students. And selection may be fairly or unfairly based on this assumption that those
who may have had a good experience would most likely turn out to be the right
candidates. Flores and Day (2006:224) also observed that personal experiences as a
student had an impact on how the trainee teachers (or pre-service teachers) perceived
teaching and themselves as teachers. They could also learn from their experience from
their host teachers during their teaching practice in terms of instructional strategies,
classroom management or student engagement techniques (Stewart, 2012:249).
The motivation to enter the teaching profession could be an expression of a commitment
to serve on the principles of servant leadership that effectively focuses on the belief of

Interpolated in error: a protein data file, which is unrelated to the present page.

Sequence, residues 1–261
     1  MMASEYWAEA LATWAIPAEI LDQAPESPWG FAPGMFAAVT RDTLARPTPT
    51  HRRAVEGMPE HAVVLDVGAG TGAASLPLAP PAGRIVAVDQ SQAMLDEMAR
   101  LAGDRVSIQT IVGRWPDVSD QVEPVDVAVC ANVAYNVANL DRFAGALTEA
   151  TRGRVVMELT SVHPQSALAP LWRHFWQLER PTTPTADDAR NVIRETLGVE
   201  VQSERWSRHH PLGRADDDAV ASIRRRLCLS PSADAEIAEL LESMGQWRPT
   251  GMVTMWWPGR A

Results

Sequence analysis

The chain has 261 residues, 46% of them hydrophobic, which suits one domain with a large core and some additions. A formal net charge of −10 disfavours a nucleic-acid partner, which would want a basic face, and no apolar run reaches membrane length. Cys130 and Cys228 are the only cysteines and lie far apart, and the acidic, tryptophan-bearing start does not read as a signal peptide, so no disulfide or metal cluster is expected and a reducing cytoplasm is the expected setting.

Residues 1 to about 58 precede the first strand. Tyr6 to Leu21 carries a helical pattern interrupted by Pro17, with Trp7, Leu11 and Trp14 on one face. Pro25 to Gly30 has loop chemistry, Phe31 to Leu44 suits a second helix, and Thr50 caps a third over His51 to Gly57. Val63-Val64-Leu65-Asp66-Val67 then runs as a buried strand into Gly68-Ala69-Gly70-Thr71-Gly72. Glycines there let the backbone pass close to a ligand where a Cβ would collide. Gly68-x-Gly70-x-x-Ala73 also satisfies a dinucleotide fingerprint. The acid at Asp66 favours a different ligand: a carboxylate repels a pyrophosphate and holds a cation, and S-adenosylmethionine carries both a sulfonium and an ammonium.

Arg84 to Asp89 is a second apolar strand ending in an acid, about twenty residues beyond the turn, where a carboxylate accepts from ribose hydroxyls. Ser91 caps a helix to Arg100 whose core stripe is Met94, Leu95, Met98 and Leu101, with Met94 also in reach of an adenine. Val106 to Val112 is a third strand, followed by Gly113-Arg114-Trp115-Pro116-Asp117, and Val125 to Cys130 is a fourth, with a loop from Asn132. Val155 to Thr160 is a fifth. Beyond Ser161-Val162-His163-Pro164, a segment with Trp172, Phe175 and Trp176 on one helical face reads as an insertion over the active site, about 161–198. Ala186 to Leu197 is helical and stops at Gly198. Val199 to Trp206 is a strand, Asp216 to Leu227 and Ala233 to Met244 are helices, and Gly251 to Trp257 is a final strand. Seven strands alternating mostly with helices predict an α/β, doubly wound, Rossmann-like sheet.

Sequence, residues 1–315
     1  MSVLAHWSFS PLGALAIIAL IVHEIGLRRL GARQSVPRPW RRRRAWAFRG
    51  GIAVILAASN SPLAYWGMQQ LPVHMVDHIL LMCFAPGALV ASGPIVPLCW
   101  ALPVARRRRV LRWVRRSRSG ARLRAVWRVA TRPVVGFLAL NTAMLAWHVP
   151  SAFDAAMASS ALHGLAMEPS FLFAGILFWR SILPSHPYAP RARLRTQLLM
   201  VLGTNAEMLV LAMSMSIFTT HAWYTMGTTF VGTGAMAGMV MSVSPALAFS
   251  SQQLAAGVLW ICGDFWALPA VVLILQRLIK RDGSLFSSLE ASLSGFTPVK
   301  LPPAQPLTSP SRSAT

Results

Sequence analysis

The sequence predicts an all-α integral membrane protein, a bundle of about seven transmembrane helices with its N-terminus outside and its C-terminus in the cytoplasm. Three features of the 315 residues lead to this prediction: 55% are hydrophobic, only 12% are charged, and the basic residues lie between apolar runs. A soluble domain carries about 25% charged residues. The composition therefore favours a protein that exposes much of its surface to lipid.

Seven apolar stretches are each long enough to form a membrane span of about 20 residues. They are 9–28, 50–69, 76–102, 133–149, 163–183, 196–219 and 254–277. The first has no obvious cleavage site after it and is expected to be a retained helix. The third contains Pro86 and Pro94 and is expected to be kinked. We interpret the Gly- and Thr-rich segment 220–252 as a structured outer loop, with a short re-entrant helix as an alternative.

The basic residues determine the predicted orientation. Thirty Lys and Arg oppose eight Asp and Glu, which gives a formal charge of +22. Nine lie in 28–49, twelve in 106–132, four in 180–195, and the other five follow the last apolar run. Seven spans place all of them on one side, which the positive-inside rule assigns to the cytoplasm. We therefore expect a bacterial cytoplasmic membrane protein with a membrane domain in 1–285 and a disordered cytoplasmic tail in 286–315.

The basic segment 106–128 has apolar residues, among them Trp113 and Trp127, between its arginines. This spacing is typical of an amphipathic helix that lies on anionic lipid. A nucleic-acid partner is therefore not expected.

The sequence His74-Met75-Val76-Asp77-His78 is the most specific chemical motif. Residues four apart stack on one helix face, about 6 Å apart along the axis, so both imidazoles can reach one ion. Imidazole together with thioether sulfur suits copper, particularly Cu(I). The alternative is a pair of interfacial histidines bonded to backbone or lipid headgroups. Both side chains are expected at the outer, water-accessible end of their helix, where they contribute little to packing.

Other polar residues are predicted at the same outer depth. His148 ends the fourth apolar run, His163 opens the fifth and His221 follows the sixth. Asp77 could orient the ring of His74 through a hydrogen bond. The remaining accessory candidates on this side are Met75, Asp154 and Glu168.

serving others to achieve set goals (Herman and Marlowe, 2005:176; Washington et al.,
2006:701, 710-711; Parolini et al., 2009:276, 278, 289). This innate will to serve first
(Herman and Marlowe, 2005:176) could be the foremost driving force for the
individuals to enter the profession instead of viewing it as an escape route from
unemployment. Within this realm, a teacher takes the role of a servant first as they focus
on effectively helping all students to achieve. This brings in that aspect of a caring
professional as enshrined within the teaching community of practice that encompasses
aspects of ethical and moral development. These incorporate caring, fairness and
40
empathy that enables working with all students including those with serious emotional
disturbances (Herman and Marlowe, 2005:177) to achieve their full potential through a